The Mashantucket Pequot Native Americans have re-elected Rodney Butler to the position of tribal council chairman, as the group continues to fight for a satellite casino in East Windsor, Connecticut.
Butler has been in the role since 2009. It will be his fourth consecutive three-year term.
The chairman has served on the tribal council since 2004. Prior to joining the tribe’s government, Butler worked in finance at the Mashantucket’s Foxwoods Resort Casino.
Butler and two others who were re-elected to the council this week will be sworn in again in January 2019.
Butler’s tenure as the chief executive of the Mashantucket Pequot tribe will continue as the group presses on with its fight to jointly build a satellite casino in East Windsor with the Mohegan Indians.
Connecticut lawmakers approved of the satellite in the fall of 2017. The $300 million casino, which is planned to house 2,000 slot machines and 60 table games, gained support in an effort to slow gaming dollars from flowing across the Connecticut-Massachusetts border to MGM’s $960 million integrated casino resort in Springfield.
The gaming expansion law was passed on the condition that the US Department of the Interior (DOI) sign off on the amended compacts that currently require the tribes to share 25 percent of their slot win with the state. Approval never came, however, and the project has been in limbo ever since.
DOI Secretary Ryan Zinke failed to issue a formal opinion on whether the tribes building a casino on non-sovereign land jeopardizes their own gaming compacts with Connecticut that say any non-tribal gaming voids their requirement to share their casino winnings. Despite the Department of Justice opening an investigation into Zinke’s actions on allegations made by the tribes that he was successfully lobbied by MGM Resorts and at least two Nevada congresspersons, a federal judge ruled in September that the secretary had no legal obligation to review the request.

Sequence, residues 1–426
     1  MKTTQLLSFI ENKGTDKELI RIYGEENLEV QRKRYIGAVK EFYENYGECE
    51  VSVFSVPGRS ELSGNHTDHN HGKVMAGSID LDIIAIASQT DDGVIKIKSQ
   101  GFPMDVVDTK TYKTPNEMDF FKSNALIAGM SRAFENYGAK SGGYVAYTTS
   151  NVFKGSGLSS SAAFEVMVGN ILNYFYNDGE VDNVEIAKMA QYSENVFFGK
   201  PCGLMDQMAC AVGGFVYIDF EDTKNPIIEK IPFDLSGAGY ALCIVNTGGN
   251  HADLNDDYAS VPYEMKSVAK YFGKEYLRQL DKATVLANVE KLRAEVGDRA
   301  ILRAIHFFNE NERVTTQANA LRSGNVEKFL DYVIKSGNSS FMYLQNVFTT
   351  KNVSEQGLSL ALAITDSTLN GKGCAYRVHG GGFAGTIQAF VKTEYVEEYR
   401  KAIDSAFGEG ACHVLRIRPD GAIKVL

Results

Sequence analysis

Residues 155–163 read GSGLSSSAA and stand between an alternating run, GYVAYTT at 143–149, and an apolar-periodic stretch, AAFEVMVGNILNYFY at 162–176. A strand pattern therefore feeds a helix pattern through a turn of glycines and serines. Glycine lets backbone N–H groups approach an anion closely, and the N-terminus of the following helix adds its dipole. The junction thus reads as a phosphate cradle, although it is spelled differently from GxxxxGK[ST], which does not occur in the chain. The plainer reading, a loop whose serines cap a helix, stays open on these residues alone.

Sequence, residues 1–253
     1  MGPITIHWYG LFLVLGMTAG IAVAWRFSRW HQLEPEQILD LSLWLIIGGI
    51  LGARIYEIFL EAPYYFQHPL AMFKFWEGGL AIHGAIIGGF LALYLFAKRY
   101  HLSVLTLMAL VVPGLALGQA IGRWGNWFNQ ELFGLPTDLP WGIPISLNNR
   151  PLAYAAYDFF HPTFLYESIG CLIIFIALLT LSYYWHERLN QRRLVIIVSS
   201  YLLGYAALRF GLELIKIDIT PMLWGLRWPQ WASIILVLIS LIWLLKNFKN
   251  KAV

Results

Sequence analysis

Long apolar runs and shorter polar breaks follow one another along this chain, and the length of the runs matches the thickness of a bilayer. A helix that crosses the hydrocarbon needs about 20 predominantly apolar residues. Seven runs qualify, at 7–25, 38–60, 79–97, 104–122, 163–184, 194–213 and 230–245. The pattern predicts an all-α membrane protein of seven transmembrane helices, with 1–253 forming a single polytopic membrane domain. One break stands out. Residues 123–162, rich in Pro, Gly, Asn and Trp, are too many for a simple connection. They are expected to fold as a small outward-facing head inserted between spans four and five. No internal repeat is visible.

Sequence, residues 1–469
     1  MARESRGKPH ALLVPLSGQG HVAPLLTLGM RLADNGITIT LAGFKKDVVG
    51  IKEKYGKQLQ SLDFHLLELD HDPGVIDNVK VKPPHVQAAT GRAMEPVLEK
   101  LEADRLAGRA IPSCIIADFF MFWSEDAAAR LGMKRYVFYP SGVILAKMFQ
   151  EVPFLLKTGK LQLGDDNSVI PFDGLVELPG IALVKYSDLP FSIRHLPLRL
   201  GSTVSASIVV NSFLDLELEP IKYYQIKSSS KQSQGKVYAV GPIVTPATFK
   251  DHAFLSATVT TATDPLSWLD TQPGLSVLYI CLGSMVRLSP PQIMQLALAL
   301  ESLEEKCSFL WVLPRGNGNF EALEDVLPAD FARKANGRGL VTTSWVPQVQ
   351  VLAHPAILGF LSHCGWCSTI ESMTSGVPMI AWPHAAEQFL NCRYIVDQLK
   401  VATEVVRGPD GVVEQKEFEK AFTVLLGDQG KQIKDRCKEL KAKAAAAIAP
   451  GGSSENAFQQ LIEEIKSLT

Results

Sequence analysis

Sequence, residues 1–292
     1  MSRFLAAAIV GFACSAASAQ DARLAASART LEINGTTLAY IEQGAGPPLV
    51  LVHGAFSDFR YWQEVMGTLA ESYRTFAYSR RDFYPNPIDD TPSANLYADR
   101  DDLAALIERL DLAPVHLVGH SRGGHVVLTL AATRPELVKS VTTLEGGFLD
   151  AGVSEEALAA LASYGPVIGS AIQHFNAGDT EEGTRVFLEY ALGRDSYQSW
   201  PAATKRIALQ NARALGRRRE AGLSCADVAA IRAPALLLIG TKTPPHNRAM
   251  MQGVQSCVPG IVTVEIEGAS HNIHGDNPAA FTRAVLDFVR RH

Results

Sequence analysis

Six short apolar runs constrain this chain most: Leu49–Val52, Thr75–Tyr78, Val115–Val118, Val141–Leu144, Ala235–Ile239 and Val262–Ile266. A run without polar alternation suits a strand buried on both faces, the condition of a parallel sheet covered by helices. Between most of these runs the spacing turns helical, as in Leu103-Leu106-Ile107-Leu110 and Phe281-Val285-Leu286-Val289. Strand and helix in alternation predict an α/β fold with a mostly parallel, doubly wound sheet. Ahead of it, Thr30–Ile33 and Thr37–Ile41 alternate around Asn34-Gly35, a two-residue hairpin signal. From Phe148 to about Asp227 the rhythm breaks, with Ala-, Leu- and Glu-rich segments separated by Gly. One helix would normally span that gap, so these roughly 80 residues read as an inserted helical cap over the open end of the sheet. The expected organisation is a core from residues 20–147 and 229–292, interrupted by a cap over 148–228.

Without the DOI holdup, the East Windsor satellite could very well be in operation. Instead, MGM Springfield was able to open in August with a rather large regional monopoly on gambling.
The Mashantucket Pequot and Mohegan tribes, collectively working as en entity known as MMCT, say they aren’t giving up their fight. They continue to finalize design plans, which along with the casino includes two or three restaurants and retail space.
With the added competition from MGM, Connecticut stands to lose more gaming money. It’s a trend that’s become all too familiar.
Connecticut’s 25 percent cut of slot revenue generated at Foxwoods and Mohegan Sun totaled $430 million in 2007. A decade later, that figure last year was down to $267 million.
MGM Springfield reported gross gambling revenue of $27 million in September, its first full month in operation.
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